The city administers five villages: Bahnari, Brodoc, Moara Grecilor, Rediu and Viișoara.
Archaeological surveys indicate that the territory of Vaslui was inhabited since the Neolithic. From the 14th century onwards, it developed as the provincial town of Vaslui, with a population that fluctuated considerably in the following centuries. The name of Vaslui appears first in a Polish document from 1375, referring to Koriat's son Yuri Koriatovich. The name Vaslui was also mentioned in 1435, in connection with the accession of Prince Iliaș to the Moldavian throne. The town was burned to the ground in 1439 and 1440 when Tatars invaded Moldavia.
The peak of Vaslui's importance was in the 15th century, when it was a second-rank capital of Moldavia, during the reign of Stephen the Great (r. 1457-1504) and its population approached that of the neighbouring Iaşi. In 1475, Prince Stephen won his greatest battle against the Ottoman Empire in the Vaslui area. Once the Moldavian capital was moved from Suceava to Iaşi and the southern town of Bârlad became an administrative center of southern Moldavia, Vaslui declined for the next three centuries to eventually become a local borough (târg).
There once was a fairly large Jewish community in the city of Vaslui. Its arrival from Galicia during the second half of the 19th century gave a new impetus to local economic development. In 1899, Jews formed 37% of the population, and Vaslui was home to the Vasloi Hasidic dynasty. However, waves of pogroms, associated with the Holocaust (see Romania during World War II and Holocaust in Romania) as well as emigration to Israel during Romania's communist period decimated this population.
During World War II, the Stephen the Great Monument was relocated from Chişinău to Vaslui. On 22 August 1944, Vaslui was captured by Soviet troops of the 2nd Ukrainian Front in the course of the Jassy–Kishinev Offensive.
The population of Vaslui grew steadily again after 1968, when the town was proclaimed as the administrative center of Vaslui County, with immigration from the neighbouring countryside, ethnic Romanians and Roma attracted by the industries set up by the Communist regime.
According to the last census, from 2011, there were 55,407 people living within the city of Vaslui, making it the 40th largest city in Romania. The ethnic makeup is as follows:Romanians: 98.63%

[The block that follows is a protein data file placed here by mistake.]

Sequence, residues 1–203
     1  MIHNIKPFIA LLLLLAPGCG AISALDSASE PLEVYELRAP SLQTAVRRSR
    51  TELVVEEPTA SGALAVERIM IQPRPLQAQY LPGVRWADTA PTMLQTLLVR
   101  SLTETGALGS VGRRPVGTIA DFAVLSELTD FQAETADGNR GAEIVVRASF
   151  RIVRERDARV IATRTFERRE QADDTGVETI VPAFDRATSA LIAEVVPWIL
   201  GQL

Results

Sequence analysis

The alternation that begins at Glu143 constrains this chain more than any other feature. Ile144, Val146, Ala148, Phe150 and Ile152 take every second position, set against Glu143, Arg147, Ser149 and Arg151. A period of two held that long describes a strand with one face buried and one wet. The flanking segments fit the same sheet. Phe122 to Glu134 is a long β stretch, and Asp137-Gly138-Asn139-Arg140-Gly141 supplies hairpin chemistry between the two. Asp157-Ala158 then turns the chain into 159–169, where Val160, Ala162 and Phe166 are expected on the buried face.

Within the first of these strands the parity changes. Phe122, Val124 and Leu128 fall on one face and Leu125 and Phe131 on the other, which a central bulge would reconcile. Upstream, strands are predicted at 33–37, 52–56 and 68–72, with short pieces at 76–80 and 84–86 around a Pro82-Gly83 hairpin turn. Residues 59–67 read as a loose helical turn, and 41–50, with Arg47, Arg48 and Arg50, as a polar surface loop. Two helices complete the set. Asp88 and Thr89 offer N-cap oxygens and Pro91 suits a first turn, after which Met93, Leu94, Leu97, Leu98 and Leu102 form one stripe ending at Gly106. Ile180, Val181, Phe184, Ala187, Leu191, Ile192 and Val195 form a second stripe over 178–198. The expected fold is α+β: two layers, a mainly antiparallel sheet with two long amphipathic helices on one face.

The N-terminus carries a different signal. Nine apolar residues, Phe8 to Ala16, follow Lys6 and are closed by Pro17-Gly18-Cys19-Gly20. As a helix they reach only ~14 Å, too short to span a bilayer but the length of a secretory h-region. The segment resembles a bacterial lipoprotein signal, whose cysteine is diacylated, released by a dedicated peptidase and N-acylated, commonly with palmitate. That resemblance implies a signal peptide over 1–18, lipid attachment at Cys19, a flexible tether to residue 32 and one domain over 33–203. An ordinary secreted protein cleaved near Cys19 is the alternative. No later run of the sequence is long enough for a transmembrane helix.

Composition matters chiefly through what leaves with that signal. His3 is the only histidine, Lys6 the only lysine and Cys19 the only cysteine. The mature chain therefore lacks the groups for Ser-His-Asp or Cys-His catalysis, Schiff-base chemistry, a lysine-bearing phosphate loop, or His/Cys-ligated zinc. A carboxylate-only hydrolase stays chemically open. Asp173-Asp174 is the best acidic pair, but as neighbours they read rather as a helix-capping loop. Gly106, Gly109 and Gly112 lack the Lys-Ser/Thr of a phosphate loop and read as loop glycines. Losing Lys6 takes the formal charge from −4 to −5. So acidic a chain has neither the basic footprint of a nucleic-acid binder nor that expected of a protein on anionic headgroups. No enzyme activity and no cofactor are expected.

The population decreased again after the downfall of Communism in 1989, due to low fertility rate, and emigration.
Today, the majority of the population is of Romanian ethnicity. The Romani minority lives compactly in the southwestern suburbs of Rediu and Brodoc, in the southwestern part of the main town (in the neighbourhoods around Traian Street) and also scattered in the rest of the locality. In the 1960s and '70s nomadic Roma belonging to the Kalderash caste were forcibly settled by the Communists in the northern part of the town, scattered among ethnic Romanians. The third ethnic group is that of the Lipovans, who have in the center of the town a church of their Old Believers Christian branch.
Vaslui has several neighborhoods: 13 Decembrie, Ana Ipătescu, Delea, Alecu Donici, Gheorghe Racoviță, Green Park, Gura Bustei and Traian.
The city has six high schools, named after Mihail Kogălniceanu, Emil Racoviță, Anghel Rugină, Ștefan Procopiu and Ion Mincu, as well as one for sports.
The main industries are textiles (clothing and knitted wear) and food (baked goods, vegetable oil, meat, dairy). There are also a number of shopping centers and supermarkets.
The newly modernized train station is located in south of the city.
In July 1994, a trolleybus line opened. It closed in July 2009, reopening in August 2016.
In the city, public transport is provided by buses and taxis.
DN24 road passes through the city in a north-south direction (Iași-Bârlad). DN2f heads west to Bacău, and DN15D northwest to Piatra Neamț. European road E581 lies to the southeast.
Vaslui is home to FC Vaslui football club which played in Liga I until 2014, and HC Vaslui handbal club.Nicolae Milescu
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